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Barna’s newest report interviews teenagers about what they think life will be like for them when they are 25 yrs old, and I’ve clipped a few paragraphs:

May 10, 2010 – Spring is graduation season for millions of students. What are the aspirations of today’s teenagers as they think about their future? A new research study from the Barna Group examined a representative, nationwide sample of 602 teenagers, asking them to describe what they think their life will be like roughly 10 years from now, when they are young adults. To help teens respond with a specific time horizon in mind, the survey asked them what they believe their lives will be like when they are 25-years-old.

Family and Church
Marriage and church involvement were on the third tier of aspirations. Most American teenagers expect to be engaged in these traditional institutions (58% and 63%, respectively). However, only a small percentage felt certain about these outcomes in their own lives: 29% of teenagers felt they would definitely be “actively involved in a church or faith community” and just 12% of teenagers felt certain about “being married” by age 25. Teenagers are even less likely to entertain traditional goals regarding parenting. Less than half of teenagers (40%) felt they may have children by age 25 and only one out of 11 (9%) said they would definitely become a parent in their early adult years. Of course, considerations of marriage and parenting are dependent on finding a willing partner; nonetheless, these pursuits are not top priorities for most students.

Fame versus Service
Media are filled with celebrity news and obscure-turned-famous individuals often made stars via reality television. Given the cultural fascination with fame, perhaps it is not surprising that one-quarter of teenagers (26%) said they expect to be “famous or well known” by the time they reach age 25. To their credit, teens are more likely to express the desire to be “regularly serving the poor” (48%) than to be famous, although that priority is less flattering considering that only 7% of teenagers said they would definitely be doing such other-oriented work as a young adult.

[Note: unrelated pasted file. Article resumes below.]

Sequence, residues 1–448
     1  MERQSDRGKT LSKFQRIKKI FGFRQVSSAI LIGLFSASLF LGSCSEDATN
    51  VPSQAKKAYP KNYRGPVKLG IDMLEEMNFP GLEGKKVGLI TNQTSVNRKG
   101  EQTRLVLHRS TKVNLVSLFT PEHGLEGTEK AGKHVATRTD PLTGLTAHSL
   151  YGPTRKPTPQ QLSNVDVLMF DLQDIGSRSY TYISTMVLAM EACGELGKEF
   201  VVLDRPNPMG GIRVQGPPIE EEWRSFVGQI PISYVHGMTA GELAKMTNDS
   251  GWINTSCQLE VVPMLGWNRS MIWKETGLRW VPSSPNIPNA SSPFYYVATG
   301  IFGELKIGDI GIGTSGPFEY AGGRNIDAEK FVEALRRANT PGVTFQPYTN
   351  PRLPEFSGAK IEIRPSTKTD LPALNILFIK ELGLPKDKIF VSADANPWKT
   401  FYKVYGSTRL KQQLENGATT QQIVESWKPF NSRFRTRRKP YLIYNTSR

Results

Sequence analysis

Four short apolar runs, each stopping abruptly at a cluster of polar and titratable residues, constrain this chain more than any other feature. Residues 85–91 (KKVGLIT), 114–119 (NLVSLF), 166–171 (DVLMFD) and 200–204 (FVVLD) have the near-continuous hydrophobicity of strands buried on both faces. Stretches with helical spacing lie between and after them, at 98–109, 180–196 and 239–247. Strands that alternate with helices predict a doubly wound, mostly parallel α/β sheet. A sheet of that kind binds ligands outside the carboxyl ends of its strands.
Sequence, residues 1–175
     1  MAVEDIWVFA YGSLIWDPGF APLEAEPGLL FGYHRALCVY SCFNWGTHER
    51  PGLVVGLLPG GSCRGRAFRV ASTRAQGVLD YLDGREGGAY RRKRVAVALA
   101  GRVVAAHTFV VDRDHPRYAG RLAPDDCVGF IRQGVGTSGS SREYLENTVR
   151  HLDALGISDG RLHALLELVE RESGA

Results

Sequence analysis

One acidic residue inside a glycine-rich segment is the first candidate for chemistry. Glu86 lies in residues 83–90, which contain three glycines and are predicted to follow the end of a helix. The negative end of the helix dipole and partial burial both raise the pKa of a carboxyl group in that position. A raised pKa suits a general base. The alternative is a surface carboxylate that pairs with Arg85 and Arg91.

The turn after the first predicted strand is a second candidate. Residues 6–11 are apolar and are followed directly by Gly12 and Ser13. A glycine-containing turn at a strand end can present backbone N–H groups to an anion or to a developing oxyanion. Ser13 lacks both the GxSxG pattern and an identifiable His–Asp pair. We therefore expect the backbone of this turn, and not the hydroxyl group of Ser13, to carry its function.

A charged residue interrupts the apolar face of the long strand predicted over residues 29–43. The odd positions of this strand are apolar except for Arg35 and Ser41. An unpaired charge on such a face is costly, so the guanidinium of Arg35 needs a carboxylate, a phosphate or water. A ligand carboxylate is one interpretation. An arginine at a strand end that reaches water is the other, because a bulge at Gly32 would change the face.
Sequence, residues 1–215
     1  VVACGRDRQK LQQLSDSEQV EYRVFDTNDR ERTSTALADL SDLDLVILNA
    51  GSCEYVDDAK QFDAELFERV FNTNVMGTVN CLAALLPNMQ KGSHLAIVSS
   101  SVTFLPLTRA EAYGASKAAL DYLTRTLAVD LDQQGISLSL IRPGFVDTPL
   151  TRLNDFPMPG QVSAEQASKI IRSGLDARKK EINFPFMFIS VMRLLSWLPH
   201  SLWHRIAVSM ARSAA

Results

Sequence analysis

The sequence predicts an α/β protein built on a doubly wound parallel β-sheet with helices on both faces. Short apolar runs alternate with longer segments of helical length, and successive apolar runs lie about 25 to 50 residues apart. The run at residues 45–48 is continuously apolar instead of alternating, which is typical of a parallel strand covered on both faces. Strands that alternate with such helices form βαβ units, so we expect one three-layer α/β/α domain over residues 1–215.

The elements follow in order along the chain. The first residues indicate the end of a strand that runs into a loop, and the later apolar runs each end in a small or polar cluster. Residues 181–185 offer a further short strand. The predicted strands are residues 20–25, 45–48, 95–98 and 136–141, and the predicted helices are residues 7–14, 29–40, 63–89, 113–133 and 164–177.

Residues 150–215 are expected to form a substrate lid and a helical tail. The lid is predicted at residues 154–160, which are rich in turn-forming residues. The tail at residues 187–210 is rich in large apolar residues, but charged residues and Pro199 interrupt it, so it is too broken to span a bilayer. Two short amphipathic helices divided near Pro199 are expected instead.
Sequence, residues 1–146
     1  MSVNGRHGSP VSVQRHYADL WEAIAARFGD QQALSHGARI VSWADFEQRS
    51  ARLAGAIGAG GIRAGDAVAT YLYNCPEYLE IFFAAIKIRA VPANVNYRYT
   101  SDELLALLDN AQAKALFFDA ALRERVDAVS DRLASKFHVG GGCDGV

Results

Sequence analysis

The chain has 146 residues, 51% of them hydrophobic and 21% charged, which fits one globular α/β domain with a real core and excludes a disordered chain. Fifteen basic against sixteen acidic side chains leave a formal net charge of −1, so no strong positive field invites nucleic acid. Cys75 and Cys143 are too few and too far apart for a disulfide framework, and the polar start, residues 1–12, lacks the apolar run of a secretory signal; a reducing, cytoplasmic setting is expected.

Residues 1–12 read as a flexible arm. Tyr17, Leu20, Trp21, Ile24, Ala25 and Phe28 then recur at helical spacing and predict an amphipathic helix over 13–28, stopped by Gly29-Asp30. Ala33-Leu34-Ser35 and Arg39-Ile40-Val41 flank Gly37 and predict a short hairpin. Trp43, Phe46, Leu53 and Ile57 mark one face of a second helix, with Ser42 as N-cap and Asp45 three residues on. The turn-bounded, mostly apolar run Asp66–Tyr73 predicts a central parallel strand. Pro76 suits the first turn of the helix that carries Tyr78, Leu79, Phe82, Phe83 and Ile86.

Age and Gender
Demographic differences played a significant role in teen aspirations. Teen girls were more likely than boys to define priorities and objectives. Girls were more likely to picture their lives with nine out of the 10 elements assessed in the study (the exception was being famous, an aspiration equally attractive to both sexes). Young women were twice as likely as young men to want a difference-making job, to be married, to have children, and to regularly serve the poor.

In terms of age, the youngest teens were much more idealistic than older teens in many ways. One of the biggest gaps is their predicted connection to a church: 41% of middle schoolers expect to be actively involved in a congregation, but that drops to 26% of high school freshman and sophomores and 24% among juniors and seniors.

High school students were also less likely than middle-schoolers to believe they would have a great-paying job, be married, have kids, be serving the poor, or experience fame by the age of 25.

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